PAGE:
Ratio & Rhythm

‘Move quickly but don’t rush.’ In other words, practice rowing with ratio and rhythm.

Rowing with good rhythm means rowing smoothly without rushing, hesitating, or jerking; moving with the speed of the boat. Ratio refers to the amount of time spent on the recovery compared to the amount of time spent on the drive. In general, you are looking to row smoothly with the recovery taking slightly longer than the drive.

An inconsistent rhythm and rushing the last quarter of the recovery will send the boat in the wrong direction, causing the boat to check and slow down. A consistent rhythm where rowers are moving smoothly with the boat will keep the boat balanced, allowing rowers to get a good drive, and it will allow the boat to run on the recovery with minimum slow  down. When the rowers establish good rhythm and ratio the rowing will feel much easier, even though they may be working as hard or harder, and the boat will move faster.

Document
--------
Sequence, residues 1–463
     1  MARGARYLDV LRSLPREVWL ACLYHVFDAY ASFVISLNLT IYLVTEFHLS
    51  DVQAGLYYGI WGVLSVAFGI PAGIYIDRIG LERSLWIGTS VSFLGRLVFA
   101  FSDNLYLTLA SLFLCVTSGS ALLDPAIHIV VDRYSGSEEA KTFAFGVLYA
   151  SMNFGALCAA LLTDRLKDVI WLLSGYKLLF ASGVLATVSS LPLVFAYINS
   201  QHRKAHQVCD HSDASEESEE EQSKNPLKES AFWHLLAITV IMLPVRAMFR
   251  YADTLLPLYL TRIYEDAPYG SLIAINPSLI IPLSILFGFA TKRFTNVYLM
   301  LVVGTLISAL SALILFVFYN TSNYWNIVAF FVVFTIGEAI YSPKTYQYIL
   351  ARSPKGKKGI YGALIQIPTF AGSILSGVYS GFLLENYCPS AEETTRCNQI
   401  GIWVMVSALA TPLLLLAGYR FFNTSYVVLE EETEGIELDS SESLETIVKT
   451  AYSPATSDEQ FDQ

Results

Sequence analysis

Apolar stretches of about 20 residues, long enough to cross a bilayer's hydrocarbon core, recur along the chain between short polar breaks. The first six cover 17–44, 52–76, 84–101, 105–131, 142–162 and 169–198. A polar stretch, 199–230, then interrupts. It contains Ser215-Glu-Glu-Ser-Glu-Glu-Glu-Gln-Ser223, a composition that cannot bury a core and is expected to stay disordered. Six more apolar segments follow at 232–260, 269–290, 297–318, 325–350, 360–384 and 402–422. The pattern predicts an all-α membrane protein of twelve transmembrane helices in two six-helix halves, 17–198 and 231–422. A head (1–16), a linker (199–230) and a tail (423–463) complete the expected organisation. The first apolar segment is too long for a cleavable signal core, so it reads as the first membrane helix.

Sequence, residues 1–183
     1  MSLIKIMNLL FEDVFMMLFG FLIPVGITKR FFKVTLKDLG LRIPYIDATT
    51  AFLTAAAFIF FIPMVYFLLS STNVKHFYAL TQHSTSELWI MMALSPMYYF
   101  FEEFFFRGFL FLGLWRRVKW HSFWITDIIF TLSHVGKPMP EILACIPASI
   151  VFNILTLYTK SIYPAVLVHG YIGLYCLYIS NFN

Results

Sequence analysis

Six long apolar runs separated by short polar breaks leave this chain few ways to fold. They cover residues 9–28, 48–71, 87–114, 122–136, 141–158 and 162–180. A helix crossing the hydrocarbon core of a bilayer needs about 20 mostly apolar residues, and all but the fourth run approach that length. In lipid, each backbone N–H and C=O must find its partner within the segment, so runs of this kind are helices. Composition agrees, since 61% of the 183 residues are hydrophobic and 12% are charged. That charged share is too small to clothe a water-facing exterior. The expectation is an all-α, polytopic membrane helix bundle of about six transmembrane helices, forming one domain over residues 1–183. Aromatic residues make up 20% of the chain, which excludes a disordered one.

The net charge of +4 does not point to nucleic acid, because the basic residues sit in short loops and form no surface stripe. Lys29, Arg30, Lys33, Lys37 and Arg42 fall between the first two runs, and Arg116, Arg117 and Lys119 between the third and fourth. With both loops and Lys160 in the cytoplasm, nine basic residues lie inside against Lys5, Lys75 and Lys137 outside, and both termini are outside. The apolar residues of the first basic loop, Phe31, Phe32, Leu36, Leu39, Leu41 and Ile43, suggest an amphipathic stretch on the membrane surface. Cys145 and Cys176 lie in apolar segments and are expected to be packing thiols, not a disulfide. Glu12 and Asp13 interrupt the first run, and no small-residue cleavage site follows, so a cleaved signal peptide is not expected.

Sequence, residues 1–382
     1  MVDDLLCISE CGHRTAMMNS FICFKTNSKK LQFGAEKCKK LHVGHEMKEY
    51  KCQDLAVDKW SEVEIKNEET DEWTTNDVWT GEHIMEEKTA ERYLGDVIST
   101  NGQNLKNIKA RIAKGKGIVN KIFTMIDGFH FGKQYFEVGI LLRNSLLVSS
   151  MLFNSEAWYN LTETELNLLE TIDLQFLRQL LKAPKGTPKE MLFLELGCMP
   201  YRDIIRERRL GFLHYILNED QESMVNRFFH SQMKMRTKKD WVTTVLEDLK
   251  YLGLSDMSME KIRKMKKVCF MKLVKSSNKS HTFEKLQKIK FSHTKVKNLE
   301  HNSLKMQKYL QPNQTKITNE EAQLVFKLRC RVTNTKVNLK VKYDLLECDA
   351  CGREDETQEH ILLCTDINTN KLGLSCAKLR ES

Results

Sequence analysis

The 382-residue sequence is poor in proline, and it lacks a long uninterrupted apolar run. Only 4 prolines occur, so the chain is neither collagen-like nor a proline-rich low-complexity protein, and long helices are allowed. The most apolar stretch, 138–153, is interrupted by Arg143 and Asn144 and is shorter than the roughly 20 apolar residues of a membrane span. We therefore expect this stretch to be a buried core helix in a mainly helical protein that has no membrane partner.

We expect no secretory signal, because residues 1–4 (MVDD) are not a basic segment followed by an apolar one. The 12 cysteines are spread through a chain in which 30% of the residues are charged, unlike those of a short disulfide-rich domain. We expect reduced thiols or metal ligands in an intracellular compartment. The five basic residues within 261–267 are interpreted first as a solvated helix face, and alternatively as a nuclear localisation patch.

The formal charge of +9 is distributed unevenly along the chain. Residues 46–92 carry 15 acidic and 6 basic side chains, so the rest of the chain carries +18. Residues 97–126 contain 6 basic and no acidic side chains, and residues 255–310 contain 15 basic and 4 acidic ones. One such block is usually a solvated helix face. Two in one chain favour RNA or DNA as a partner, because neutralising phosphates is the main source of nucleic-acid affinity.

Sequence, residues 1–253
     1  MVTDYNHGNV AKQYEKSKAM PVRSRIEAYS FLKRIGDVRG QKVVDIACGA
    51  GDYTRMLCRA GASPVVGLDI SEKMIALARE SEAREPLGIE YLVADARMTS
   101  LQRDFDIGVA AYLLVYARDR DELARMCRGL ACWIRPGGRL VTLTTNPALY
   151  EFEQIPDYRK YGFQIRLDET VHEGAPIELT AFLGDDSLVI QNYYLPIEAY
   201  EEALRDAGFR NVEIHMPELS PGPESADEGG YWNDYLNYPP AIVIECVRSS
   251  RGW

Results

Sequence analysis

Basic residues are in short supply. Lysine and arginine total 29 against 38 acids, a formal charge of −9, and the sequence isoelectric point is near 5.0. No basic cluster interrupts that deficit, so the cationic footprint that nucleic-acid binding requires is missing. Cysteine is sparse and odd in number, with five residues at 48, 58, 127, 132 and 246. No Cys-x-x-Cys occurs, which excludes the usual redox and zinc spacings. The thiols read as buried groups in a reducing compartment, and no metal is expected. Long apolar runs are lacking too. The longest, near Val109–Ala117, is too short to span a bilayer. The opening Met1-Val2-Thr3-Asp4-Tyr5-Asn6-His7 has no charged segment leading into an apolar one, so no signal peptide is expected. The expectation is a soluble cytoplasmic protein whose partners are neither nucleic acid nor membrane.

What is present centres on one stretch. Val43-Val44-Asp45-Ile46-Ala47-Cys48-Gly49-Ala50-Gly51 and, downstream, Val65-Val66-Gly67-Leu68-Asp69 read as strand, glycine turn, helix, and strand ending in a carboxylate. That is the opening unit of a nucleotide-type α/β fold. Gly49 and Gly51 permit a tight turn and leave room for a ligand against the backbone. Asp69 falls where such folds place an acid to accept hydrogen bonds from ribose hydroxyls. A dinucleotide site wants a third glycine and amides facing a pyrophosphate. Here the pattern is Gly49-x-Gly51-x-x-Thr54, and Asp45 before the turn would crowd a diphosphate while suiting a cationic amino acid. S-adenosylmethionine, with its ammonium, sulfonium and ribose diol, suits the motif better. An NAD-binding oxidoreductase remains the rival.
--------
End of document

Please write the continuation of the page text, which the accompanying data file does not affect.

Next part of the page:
If the coxswain calls ‘more ratio’ they are looking for rowers to work harder on the drive and to take more time on the recovery – ‘big legs, long recovery’. If they call for a ‘rate bump’, rowers should increase boat speed first by applying more pressure and moving with the speed of the boat on the recovery. When boat speed increases the rate can change as long as rowers are moving with the new boat speed.

A crew with good ratio and rhythm will be more graceful, the stroke will be longer, the rowers will be more relaxed, the boat will ‘run’ well during the recovery, and the boat will be faster overall. Practicing stroke sequencing, timing, and pressure as a team will help improve rhythm, ratio, and overall boat performance.

BEWARE! A negative ratio, with the recovery taking less time than drive, can lead to poor stroke execution, poor balance, very little run in the boat, and an inability to rest for the next drive. And, its not fun!